The Dialectical Interplay Of Elite And Masses

The dialectic between elite and masses is of another sort. In Latin America, for example, we have pppressors and oppressed. But many elite groups are themselves dominated by foreign powers. So the domestic dominator may in turn be dominated by foreign oppressors. In short, there are different grades and stages of oppression in the whole dialectic of elite and masses.

The elite is some small oligarchic group. The masses is the large group which suffers from the domination of some elite. But our domestic elite is in turn dominated by some foreign elite in the United States or Russia. The foreign elite is autocratic, self-appointed, and bureaucratic. There is no one over it, and it is not democratic by any means. This foreign elite dominates our domestic elite, and the latter in turn dominates our people here.

We can describe all this in terms of the Gospel message. At the top we have Pontius Pilate, the oppressor representing the Roman emperor. Below him is Herod, the native ruler and oppressor under Pilate. Then we have the common people, of which Jesus was one. Our Creed tells us that Jesus "suffered under Pontius Pilate" We often do not advert to the fact that there is a note of oppression recorded in the Creed itself, but it is there. The reigning elite could not allow the liberation of the people, for that would end their domination. Sin does not permit people to work justice.

There is then a political situation incorporated into the death of Jesus. The relationship existing between human beings is a political one, and the per'son who fails to understand this will probably end up implementing or supporting the worst kind of politics-the politics imposed on people by the established order. We cannot simply say that we love our country. We must be dedicated to making our country one which works justice.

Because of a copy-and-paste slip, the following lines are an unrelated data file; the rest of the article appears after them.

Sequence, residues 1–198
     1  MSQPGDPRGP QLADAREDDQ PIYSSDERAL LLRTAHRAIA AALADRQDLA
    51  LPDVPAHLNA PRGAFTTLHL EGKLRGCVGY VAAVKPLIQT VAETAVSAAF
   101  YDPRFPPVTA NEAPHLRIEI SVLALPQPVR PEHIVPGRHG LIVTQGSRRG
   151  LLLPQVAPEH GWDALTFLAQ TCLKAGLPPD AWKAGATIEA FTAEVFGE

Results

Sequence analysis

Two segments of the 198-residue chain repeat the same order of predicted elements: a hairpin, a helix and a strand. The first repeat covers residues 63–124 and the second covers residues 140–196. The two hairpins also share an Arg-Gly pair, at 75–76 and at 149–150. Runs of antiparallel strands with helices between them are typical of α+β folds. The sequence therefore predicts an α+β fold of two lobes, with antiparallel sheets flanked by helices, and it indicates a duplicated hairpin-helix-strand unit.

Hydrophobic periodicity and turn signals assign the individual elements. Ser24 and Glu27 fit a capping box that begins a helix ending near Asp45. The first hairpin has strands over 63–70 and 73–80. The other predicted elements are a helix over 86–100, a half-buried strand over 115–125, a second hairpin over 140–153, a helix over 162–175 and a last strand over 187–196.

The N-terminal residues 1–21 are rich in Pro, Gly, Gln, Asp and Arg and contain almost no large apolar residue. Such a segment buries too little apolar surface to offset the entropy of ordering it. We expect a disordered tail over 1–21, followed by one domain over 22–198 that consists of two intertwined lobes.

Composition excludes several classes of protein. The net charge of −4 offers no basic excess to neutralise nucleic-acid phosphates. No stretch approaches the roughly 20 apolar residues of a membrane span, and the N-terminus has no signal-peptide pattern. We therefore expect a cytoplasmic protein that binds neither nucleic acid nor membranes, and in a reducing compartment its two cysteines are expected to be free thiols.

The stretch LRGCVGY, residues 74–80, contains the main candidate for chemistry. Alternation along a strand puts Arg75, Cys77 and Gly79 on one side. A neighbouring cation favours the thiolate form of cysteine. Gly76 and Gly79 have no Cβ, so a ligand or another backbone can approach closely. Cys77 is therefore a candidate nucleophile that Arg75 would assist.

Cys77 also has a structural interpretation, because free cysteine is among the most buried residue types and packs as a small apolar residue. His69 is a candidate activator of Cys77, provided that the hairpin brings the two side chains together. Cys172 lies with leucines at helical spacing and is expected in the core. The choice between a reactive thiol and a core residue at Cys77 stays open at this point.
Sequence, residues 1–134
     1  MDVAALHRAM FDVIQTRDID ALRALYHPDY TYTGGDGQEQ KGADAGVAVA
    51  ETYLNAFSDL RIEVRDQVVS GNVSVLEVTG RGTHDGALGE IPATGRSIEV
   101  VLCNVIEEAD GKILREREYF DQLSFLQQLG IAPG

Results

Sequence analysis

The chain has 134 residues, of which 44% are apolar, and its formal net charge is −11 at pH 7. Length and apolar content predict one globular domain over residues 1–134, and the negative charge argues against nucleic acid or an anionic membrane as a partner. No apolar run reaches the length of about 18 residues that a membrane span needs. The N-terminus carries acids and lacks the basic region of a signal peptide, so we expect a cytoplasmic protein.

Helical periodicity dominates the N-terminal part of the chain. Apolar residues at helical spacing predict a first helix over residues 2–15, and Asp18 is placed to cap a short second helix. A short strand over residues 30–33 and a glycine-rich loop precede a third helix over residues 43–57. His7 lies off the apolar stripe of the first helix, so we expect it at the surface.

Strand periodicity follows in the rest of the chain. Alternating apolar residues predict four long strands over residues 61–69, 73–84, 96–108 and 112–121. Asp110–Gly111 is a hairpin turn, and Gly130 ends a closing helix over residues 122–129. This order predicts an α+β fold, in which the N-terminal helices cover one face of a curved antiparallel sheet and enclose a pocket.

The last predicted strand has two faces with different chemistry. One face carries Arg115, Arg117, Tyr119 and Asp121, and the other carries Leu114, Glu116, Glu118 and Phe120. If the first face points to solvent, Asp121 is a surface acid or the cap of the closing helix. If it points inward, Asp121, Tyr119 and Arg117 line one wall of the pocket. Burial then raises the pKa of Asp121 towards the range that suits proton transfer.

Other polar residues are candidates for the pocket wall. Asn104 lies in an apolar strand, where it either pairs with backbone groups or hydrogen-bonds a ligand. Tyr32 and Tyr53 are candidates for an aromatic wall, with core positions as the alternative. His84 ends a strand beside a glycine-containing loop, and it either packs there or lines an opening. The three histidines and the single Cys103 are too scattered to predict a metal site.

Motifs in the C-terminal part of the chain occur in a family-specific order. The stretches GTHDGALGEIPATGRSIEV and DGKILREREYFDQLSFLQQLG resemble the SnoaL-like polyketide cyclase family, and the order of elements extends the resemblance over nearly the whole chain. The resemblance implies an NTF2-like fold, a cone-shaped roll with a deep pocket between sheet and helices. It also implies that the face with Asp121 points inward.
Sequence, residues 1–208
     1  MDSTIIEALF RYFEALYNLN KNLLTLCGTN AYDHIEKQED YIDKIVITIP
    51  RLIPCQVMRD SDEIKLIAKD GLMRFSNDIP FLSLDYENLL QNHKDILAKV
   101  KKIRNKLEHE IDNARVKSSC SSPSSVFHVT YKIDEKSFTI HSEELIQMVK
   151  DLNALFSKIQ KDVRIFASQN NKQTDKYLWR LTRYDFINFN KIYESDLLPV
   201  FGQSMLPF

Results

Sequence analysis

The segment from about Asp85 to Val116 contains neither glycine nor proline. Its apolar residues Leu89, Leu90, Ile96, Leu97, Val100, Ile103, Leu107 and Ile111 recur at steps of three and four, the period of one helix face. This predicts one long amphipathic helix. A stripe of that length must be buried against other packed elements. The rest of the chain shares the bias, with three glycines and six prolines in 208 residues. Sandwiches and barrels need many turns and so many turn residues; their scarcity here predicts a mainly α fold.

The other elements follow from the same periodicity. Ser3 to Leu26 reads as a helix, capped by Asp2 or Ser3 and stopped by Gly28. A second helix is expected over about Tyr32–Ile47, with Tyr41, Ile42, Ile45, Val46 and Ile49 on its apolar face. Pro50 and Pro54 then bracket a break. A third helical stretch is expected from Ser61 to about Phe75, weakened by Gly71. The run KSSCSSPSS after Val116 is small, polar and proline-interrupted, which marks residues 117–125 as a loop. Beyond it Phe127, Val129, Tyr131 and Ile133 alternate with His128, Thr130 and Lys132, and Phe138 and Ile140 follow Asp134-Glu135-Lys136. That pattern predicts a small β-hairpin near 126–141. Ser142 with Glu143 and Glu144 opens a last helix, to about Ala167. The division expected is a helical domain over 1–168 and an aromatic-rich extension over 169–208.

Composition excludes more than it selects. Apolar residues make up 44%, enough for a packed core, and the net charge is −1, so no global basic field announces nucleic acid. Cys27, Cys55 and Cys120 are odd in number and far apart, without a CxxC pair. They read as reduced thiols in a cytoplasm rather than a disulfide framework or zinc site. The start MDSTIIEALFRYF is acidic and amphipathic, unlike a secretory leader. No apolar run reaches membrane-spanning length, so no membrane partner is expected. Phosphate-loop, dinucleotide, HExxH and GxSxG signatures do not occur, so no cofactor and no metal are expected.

What is the function of the elite and of the masses in the process of liberation? Is all the tightness and wisdom to be found in the latter group? Some people think so, naively believing that the masses have the whole solution to any given problem. But if a given people is alienated for the most part, then the role of the masses may be a very dubious and equivocal one. Remember that the Hebrews fleeing from Egypt in the Sinai desert kept complaining about their lot. They kept telling Moses that they had been better off in

Egypt. Moses had tofightagainst his own people, because they did not want to continue in the demanding process of liberation. The point is that the masses of the people, weighed down by a long tradition of oppressive pedagogy, may not possess an authentic yearning for liberation-at least one that is explicit and clearly defined.

In the process of liberation there must be another elite, standing outside the process in a sense and teaching people what liberation truly is. This is the group that will practice what Paulo Freire calls the "pedagogy of liberation." This group will probably always be a minority. It will be embodied in such as Jesus, Moses, the prophets, the Church. The people in this group know that they must get out of the existing totality. They criticize the oppressing party and help to lead the oppressed towards authentic liberation. Hence they are distinct from both groups in some respects.

These basic categories help us to get beyond the simplistic dialectic of elite versus masses, wherein the latter group is all good. An elite is needed to look at the situation critically and see the proper role of the people in the process of liberation. Knowing this, it must then summon the people, the masses, to undertake the task. Instead of engaging in demagoguery, it must stand outside the masses to some extent and engage in liberative criticism of both the oppressor and the oppressed.

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